The Style and the Form of Junot Diaz in His Short Story Collection Down

“All writing is communication; creative writing is communication through revelation – -it is the Self escaping into the open,” so writes E.B. White in The Elements of Style. In Drown, the collection of short stories written by Junot Diaz, what escapes into the open are revealing glimpses not only into the Self, but the Self as gleaned through the refracted images of the immigrant experience in the United States. Diaz’s style, at once simple and complex, propels these experiences in ten loosely-structured, semi-autobiographical tales of love, loss, abandonment, identity, hard-earned optimism, and belonging in the lives of Dominicans both in the Dominican Republic and the United States. His use of language, prose, and narrative shifts are bold, fresh, and inventive, giving depth and feeling to his tales in unexpected ways.

Language is everything. To a writer, it is an essential tool. But for the writer who is bilingual and living in a country where his native tongue is not the dominate language, it is also a means of self-identification. The characters that populate the ten stories in Drown straddle a fence between their native country in the Dominican Republic and their new home in the United States, constantly negotiating the terms in which they must identify with the dominant culture and their own. Language becomes the tie that binds them back to their past. In the stories, “Ysrael,” “Aguantando,” and “Fiesta, 1980,” which relate to the narrator’s early years on the Island and in New Jersey, Diaz liberally sprinkles the text with Spanish words as if they were spices in a pot, adding flavor and subtext to the whole.

Though the stories are written in English, Diaz carefully mixes in these words with a natural ear for rhythm and poetry. For instance, in “Ysrael” he writes: “The next morning the roosters were screaming. Rafa dumped the ponchera in the weeds and then collected our shoes from the patio, careful not to step on the pile of cacao beans Tia had set out to dry.” (Drown 9) His use of Spanish words flows easily with the English language, drawing the reader into the narrator’s world, and his observations from the perspective of a native relating to his own land.

Yet, the use of Spanish takes on a subtler context when the stories turn to life in New Jersey, after the narrator has come of age. For example, in the story, “Edison, New Jersey,” Diaz uses the differences in American and Dominican cultures, namely language, to portray the two worlds the narrator straddles. Yunior, who is now a pool table delivery boy, rarely uses Spanish, except when it points out not only the differences between himself and the greater mainstream American culture, but also the differences in himself in comparison to his Dominican past. When he and Wayne make a delivery to a house in which the owner has laid down copies of the Washington Post on the floor, he slips into Spanish.

“Carajo, what if we slip.” (Drown 122) He also uses Spanish to describe his ex-girlfriend’s new boyfriend as a “zangano” and “painfully gringo.” (Drown 126) These two seemingly minor incidents bring to the surface the narrator’s feelings of “otherness,” in the environment around him. This feeling of otherness takes on a surprising twist when Yunior meets the Dominican maid at one of his customer’s homes. After he encounters her for a brief second in the window during a botched delivery, Yunior strikes up a conversation with her in the kitchen during a later visit and discovers her Dominican roots. Though the dialogue is written in English, the entire exchange is in Spanish, except when he slips into English: “I say in English that she should have her boss bring her but she stares at me blankly.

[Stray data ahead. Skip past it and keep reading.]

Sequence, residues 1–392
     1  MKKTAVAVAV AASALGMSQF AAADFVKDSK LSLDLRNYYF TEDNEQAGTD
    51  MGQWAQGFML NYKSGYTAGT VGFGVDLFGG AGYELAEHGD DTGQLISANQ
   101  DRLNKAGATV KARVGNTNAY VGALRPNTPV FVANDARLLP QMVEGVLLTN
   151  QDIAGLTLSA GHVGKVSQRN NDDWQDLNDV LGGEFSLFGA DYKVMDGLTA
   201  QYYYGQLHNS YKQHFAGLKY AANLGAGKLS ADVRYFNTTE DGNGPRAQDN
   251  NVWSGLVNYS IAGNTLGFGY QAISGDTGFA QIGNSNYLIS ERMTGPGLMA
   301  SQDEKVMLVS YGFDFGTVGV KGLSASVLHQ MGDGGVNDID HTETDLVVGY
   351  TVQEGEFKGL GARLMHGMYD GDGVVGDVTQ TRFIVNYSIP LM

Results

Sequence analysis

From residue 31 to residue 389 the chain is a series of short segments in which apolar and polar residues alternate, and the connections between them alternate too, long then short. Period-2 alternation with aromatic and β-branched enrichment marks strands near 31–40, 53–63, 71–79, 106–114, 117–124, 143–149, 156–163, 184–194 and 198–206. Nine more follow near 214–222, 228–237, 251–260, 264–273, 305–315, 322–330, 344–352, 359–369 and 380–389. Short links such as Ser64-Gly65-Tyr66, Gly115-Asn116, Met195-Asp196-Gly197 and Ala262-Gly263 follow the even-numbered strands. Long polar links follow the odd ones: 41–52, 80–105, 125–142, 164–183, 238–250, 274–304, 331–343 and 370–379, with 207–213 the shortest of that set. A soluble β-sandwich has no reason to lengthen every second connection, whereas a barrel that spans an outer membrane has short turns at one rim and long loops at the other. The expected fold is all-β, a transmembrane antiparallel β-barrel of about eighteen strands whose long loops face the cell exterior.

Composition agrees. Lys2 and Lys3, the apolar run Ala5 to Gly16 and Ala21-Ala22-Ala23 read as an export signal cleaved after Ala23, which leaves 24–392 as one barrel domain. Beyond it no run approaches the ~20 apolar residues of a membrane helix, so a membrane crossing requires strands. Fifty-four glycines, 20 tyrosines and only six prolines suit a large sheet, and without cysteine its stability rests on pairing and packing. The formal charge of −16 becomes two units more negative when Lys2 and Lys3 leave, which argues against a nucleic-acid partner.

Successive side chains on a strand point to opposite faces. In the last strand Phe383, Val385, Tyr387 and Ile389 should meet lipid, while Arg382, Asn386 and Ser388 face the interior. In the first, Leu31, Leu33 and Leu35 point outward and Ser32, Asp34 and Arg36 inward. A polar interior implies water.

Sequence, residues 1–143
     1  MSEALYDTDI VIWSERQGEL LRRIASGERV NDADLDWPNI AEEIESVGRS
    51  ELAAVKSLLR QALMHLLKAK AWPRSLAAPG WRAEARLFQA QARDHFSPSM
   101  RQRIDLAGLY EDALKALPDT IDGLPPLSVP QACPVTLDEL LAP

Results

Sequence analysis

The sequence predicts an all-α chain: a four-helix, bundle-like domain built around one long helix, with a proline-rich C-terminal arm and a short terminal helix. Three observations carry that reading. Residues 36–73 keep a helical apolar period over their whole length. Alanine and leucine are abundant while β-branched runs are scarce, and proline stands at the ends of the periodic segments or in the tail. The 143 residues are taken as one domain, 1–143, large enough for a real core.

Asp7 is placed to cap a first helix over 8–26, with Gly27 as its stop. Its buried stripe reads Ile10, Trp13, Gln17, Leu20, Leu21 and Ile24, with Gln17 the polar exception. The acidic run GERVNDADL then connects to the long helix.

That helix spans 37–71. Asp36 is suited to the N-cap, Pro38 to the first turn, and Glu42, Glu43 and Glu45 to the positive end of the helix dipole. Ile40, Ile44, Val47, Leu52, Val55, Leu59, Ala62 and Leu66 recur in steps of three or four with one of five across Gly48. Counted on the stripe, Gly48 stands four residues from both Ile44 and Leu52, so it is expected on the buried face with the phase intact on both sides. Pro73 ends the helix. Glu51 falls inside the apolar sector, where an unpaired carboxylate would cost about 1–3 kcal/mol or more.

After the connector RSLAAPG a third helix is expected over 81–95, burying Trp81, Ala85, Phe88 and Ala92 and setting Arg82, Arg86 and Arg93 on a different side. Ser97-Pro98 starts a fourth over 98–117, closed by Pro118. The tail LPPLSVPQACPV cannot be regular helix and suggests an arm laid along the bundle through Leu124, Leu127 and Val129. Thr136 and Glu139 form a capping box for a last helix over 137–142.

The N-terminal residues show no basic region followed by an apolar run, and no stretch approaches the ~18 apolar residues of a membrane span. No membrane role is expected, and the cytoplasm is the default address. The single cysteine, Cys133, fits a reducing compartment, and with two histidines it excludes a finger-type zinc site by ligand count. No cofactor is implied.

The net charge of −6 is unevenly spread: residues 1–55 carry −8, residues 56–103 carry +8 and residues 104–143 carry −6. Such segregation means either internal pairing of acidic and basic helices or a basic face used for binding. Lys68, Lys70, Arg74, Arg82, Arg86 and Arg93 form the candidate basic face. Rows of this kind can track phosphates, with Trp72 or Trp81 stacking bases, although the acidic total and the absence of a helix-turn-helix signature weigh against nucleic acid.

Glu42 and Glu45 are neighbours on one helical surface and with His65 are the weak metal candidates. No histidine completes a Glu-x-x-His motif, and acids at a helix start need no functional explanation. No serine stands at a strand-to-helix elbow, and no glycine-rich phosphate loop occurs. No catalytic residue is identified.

I switch over.” (Drown 133) (Italics mine) (Notice also that when the character switches to English, it is described in narrative and not shown in dialogue, as the previous exchange.) Later on, after the woman has shown him her boss’ bedroom and his clothes, Yunior continues to have trouble expressing himself even in his native tongue. “A habit of money, I say but I can’t translate it right; I end up agreeing with her.” (Drown 134) Caught between both worlds, the narrator makes an uncomfortable fit in both, thus foreshadowing a later scene in which the narrator gets the woman on the phone but is unable to “say” anything to her. Diaz is able to portray this internal conflict through these subtle stylistic choices.

As a matter of style, it’s interesting that Diaz chooses not to italicize the Spanish words in the text. Since most grammar guides suggest that foreign words should always be italicized, DiazÃ?­s choice in breaking that grammatical standard should be examined. By not italicizing Spanish words, he is clearly commenting on how even the written language in our society marginalizes or illegitimizes those who do not speak English. By choosing not to italicize Spanish words, Diaz is integrating the language into the English text, thus legitimizing the language as well as the experiences of those who speak that language.

Legitimacy and authenticity are two themes that come up prominently in Drown. Not only in terms of language and identity, but also in voice. While it is a matter of conjecture whether or not all the stories are told from the same narrative point of view, I have no doubt that Diaz wanted to explore a broader canvas of Dominican life. Hence, the stories shift back and forth between life on the Island and New Jersey. While most of the stories are told in the first person narrative, the last two, “No Face,” and “Negocios,” make slight departures from that form. “No Face,” revisits the character Ysrael, who is introduced in the first story. Only this time, the story is told in the third person point of view.

The reader is allowed to see Ysrael in the way he sees himself and not simply as the object of someone else’s observations. Why would Diaz include this story in the collection, especially since it sharply deviates from the stories of Yunior and his family? By changing point of view, Diaz is then able to connect the experiences of Yunior and Ysrael, alienated individuals both who wear masks, literal and figurative, that hide or conflict with their true identities.